000032835 - How to find particular files on Linux, Unix or POSIX operating systems when using RSA products

Document created by RSA Customer Support Employee on Jun 14, 2016Last modified by RSA Customer Support on Apr 16, 2020
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Article Number000032835
Applies ToRSA Product Set: All
O/S: Linux/Unix/POSIX
O/S Version: All
 
IssueSome files on the Linux/Unix/POSIX operating system can have dynamic locations or may have been moved from their expected locations. This can lead to an issue when following instructions which specify static file locations. Sometimes the file contents may be known but the file location or even the name of the file may be unknown. This RSA Knowledge Base Article provides tools for finding files on the Linux/Unix/POSIX operating system.
 
Tasks
  • Use the locate or find commands to locate the files.
  • Use the grep command to locate text files where something is known about the content of the file, but not the file name or location.
Resolution

The locate command (on RHEL)



  • The locate command is used to identify the directory path under which a particular file can be found. Options include control over the case sensitivity or the ability to specify regex matching.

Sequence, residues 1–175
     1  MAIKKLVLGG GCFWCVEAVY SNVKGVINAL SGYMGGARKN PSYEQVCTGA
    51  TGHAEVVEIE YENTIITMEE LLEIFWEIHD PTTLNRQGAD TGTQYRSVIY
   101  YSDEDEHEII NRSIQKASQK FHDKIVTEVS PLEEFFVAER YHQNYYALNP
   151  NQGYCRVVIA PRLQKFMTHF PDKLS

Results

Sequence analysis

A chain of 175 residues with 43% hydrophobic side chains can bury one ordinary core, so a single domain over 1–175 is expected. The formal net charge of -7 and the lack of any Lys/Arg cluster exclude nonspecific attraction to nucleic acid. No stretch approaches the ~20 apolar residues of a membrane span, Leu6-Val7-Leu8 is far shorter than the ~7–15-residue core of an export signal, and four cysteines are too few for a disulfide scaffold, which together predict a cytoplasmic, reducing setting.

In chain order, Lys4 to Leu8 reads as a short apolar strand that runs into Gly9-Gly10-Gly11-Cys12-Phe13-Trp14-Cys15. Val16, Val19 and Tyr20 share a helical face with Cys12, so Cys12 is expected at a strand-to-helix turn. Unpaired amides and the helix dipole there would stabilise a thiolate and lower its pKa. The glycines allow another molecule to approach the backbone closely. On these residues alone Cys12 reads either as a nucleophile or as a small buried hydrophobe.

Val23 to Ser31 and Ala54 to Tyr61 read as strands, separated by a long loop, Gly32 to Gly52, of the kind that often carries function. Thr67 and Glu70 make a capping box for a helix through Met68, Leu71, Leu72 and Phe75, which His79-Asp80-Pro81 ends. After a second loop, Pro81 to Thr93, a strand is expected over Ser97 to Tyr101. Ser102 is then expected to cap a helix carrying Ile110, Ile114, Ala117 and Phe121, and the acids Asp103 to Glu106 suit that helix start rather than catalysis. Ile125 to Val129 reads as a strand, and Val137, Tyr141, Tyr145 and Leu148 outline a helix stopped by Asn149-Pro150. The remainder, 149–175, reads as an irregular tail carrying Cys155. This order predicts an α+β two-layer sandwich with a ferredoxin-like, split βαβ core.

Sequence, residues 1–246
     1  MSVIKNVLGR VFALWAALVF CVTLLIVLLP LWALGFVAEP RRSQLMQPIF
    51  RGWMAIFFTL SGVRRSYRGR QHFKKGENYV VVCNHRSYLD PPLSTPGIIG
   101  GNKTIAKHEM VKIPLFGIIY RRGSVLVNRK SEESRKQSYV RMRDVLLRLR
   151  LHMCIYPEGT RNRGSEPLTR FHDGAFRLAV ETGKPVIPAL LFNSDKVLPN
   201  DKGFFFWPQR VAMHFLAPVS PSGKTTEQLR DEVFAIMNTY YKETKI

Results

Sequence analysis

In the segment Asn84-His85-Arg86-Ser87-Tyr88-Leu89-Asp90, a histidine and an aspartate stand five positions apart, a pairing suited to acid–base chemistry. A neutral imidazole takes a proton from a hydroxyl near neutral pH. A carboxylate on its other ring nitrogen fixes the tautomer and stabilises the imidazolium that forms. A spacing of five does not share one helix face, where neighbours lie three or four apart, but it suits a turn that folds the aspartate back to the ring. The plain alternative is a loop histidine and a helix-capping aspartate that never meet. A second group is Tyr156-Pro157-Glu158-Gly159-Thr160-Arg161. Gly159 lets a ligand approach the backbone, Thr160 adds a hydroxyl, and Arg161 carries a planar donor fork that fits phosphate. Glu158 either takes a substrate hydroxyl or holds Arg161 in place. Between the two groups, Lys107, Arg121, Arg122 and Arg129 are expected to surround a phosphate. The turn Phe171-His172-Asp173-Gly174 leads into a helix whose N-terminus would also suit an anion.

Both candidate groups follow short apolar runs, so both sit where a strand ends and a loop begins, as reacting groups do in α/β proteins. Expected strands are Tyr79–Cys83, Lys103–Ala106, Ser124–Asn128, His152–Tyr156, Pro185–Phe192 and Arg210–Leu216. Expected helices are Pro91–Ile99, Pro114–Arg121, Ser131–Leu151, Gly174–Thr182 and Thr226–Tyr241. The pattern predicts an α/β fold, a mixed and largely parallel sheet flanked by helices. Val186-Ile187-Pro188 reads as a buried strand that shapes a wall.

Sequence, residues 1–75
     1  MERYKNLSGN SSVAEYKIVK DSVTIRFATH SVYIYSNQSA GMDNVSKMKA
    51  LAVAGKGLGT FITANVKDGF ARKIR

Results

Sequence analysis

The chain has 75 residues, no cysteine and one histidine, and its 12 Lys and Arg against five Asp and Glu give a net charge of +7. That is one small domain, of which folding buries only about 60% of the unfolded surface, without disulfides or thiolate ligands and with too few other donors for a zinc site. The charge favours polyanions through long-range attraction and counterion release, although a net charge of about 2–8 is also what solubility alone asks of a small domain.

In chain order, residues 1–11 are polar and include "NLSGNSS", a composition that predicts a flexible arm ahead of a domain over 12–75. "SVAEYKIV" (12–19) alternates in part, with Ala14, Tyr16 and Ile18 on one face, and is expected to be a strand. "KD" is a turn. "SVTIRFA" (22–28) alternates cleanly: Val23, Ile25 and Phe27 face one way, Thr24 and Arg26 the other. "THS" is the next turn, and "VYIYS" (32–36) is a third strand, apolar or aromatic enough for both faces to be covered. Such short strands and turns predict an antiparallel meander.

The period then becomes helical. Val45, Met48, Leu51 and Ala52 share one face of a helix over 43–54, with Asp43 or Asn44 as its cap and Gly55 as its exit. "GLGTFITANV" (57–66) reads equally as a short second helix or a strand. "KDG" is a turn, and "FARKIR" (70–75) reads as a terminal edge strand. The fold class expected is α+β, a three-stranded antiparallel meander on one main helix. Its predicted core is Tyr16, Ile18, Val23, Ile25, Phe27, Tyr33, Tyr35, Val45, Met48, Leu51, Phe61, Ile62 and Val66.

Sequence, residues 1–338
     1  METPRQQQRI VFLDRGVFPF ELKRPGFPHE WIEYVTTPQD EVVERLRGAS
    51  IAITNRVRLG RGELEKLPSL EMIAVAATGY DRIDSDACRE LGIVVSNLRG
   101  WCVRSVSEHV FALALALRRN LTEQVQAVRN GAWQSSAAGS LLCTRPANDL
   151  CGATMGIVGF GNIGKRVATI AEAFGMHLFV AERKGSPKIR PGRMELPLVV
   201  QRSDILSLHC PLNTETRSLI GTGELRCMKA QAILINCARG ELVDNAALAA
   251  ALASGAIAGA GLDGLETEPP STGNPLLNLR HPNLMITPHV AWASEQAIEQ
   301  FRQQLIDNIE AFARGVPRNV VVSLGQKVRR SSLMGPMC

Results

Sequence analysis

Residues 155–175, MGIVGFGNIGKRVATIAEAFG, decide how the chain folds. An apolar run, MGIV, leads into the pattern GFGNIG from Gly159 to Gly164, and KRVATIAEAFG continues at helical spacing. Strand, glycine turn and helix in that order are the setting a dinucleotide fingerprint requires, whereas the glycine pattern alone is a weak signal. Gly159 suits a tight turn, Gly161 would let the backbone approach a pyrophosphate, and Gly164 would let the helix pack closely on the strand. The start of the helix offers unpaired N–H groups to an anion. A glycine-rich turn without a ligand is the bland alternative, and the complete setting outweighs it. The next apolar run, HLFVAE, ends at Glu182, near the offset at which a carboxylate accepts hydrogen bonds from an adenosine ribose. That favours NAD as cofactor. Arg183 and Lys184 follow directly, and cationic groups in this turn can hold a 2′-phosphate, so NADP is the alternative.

• This command relies on an internal database which saves location information about each file on the system. This database may not have been built at the time the locate command is used, or be out of date. In the case where the database does not exist, the locate command will either build the database at that time or provide a command which can be used to collect and build the database. In the case where the database is out of date, the updatedb command can be used to update the database. For more information regarding the locate database run man updatedb.
  • Note that changes to the file system since the last database update (updatedb) will not be reflected in locate results until the next database update.
  • You can be any user to use the locate command but the root user has the most access to the file system:

EXAMPLES:



# locate aveksaServer
/home/oracle/wildfly-8.2.0.Final/standalone/log/aveksaServer.log
/home/oracle/wildfly-8.2.0.Final/standalone/log/aveksaServerInfo.log
/home/oracle/wildfly-8.2.0.Final/standalone/tmp/vfs/temp/temp268d38ddf055c690/content-
ae3f673e6908c6fe/contents/aveksa.war/log/aveksaServer.log



# locate locate
/etc/cron.daily/mlocate.cron
/etc/postfix/relocated
/etc/selinux/targeted/modules/active/modules/slocate.pp
(...)


EXAMPLE using updatedb, and if it succeeds (&&), immediately followed by the locate command:



# updatedb && locate WorkPoint.log
/home/oracle/wildfly-8.2.0.Final/standalone/log/WorkPoint.log



The find command



  • The find command is a more traditional search.  The search parameters are specified and the file structure inspected to locate any matches to those criteria. There are a great many options available, including searches based on size or type of file, ownership information, and a large number of other options.
  • The most basic find usage is to search for a particular file name.

EXAMPLES:



# find /home/oracle -iname "aveksaServer*.log"
./wildfly-10.1.0.Final/standalone/log/aveksaServerInfo.log
./wildfly-10.1.0.Final/standalone/log/aveksaServer.log